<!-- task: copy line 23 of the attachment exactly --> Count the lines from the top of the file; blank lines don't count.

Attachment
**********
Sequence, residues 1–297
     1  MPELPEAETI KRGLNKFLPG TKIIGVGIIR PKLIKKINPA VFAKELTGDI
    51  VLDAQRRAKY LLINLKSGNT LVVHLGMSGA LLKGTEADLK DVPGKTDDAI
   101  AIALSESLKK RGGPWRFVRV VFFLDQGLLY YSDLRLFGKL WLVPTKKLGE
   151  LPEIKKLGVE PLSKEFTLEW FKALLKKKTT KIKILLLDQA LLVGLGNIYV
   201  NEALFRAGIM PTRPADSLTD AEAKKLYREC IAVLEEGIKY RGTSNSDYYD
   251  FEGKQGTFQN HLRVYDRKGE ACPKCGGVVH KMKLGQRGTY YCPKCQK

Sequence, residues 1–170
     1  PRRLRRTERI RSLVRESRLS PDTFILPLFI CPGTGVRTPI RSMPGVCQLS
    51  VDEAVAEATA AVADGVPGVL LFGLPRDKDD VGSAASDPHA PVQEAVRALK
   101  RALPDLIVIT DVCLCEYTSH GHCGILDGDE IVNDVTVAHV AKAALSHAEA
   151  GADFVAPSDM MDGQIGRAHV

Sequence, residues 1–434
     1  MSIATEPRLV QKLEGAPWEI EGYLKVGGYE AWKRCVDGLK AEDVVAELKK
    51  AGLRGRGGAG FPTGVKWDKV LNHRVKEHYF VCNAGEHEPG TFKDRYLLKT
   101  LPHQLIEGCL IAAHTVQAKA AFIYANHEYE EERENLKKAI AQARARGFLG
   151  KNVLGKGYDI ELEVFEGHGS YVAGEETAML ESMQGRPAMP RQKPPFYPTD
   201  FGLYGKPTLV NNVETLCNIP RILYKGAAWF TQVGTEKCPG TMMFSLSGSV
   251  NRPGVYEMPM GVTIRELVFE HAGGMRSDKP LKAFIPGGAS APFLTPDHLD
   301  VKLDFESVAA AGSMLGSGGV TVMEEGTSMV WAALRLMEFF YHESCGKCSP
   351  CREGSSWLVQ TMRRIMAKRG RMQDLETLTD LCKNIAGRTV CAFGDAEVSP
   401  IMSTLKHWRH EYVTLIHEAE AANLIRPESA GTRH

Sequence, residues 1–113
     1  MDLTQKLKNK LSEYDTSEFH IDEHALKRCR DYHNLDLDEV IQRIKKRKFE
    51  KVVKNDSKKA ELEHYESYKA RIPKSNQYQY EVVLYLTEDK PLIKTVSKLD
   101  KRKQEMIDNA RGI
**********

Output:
Sequence, residues 1–113